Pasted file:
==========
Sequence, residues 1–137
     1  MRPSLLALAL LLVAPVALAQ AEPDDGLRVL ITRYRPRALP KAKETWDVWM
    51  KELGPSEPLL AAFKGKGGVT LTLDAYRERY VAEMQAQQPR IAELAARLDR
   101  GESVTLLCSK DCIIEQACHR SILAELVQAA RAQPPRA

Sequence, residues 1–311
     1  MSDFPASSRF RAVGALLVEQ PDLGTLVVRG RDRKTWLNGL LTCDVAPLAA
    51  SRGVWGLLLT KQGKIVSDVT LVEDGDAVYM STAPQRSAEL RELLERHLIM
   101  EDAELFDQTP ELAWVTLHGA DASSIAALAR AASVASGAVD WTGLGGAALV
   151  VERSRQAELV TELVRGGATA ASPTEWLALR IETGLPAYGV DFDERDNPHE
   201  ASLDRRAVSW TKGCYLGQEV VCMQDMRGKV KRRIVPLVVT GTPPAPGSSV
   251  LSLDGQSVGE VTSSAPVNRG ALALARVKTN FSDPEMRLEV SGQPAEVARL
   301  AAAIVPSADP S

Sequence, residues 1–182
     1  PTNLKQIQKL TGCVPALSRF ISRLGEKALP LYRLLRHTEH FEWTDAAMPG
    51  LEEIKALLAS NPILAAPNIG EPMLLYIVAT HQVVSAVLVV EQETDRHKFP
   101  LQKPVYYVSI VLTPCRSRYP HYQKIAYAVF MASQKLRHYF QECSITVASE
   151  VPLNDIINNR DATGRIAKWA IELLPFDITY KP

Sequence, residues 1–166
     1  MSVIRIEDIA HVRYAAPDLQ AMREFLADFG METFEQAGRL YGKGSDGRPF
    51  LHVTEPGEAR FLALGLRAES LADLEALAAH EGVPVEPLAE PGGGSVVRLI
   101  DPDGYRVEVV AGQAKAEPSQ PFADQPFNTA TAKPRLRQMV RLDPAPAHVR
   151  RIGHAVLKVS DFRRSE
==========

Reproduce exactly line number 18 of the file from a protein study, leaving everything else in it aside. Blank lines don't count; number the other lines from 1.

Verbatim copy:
Sequence, residues 1–166